I posted a whole month of roses last year, during July so I thought that I would experiment with a few artistic effects today just to shake things up a bit. If you want to see photographs of roses in their natural form then please click on the rose/rosa category above.
Floribunda: (Latin for “many-flowering”) Smaller flowers, but many of them and they will flower in clusters.
Hybrid Tea: Hybrid teas generally produce only one blossom at the end of the stem, rather than clusters of flowers.
Shrub: Shrub roses take the best of the hardiest rose species, and combine those traits with modern repeat blooming and diverse flower forms, colours and fragrances. Some shrub roses may grow tall, with vigorous, far-reaching canes; others stay compact
Patio: The best roses for growing in containers are the patio and miniature types, which can be grown in fairly small but deep pots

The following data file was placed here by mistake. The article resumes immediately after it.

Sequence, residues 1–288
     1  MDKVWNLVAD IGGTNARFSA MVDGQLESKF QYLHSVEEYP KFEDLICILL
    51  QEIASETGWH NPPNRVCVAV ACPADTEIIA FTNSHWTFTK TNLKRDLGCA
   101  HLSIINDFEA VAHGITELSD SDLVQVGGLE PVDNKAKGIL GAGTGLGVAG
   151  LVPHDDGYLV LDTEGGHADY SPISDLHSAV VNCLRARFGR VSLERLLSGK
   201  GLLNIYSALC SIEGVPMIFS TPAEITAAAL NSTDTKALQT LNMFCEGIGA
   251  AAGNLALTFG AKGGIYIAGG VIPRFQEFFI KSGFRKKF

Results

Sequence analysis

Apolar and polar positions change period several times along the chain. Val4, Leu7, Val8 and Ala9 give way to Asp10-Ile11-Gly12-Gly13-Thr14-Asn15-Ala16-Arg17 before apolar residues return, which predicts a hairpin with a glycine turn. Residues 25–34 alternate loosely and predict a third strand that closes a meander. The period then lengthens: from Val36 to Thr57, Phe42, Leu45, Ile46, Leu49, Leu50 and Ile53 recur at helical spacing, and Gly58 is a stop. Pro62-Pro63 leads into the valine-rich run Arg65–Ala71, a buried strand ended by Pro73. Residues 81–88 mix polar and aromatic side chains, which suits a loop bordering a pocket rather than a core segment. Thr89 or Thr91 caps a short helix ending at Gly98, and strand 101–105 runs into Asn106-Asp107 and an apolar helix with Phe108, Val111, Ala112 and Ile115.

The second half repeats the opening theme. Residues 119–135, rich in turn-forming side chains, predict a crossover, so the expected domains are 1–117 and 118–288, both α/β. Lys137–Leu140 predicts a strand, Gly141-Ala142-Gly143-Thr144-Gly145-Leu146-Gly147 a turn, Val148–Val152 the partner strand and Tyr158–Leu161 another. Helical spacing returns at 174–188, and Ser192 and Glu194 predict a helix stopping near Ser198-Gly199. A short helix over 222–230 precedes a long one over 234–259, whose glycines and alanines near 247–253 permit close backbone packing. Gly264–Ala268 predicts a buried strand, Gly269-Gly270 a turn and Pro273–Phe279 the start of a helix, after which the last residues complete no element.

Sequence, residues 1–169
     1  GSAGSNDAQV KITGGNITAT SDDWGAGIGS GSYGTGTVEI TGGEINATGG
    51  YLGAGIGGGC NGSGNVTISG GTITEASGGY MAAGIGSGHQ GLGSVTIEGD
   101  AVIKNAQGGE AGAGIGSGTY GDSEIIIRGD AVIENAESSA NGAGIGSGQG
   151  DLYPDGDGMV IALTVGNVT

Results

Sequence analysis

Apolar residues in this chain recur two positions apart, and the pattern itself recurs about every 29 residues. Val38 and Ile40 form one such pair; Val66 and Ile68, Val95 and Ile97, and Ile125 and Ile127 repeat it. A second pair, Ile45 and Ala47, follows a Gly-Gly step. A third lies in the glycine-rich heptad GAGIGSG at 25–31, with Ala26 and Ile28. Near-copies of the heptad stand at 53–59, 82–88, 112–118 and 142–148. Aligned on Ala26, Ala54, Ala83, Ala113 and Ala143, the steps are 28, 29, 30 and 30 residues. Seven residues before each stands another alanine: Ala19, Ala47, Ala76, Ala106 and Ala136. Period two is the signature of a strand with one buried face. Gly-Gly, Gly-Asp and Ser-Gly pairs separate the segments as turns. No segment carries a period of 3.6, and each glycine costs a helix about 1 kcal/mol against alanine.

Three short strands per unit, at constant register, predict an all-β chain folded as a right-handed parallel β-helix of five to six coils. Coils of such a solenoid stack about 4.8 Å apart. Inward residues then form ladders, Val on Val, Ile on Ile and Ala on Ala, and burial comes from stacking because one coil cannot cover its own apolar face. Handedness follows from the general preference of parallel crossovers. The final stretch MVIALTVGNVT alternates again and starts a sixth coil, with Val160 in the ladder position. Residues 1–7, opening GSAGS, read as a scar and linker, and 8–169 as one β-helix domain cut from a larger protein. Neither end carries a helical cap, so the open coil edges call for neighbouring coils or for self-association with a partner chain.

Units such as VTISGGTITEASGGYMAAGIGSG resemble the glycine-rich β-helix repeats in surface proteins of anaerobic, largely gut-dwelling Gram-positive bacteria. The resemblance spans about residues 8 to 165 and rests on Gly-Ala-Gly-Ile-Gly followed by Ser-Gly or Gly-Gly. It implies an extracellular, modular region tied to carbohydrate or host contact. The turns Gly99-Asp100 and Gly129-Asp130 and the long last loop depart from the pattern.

Old English: English Roses are renowned for the strength and diversity of their fragrances.
Climbers: form a most useful group of plants, the stronger growing varieties are often seen covering walls, fences, arches and pergolas, whilst shorter varieties can be trained around poles and tripods to form ‘pillars’. They all require support and it is essential they are well tied to their structures.
Rambling: These are more pliable in growth than Climbers and generally flower only once. The individual blooms tend to be smaller and come in large trusses, but for sheer quantity of bloom they are unsurpassed.
Species or Wild: Most are single flowered and are valued for the wonderful diversity of scents, foliage, hips and Autumn colouration.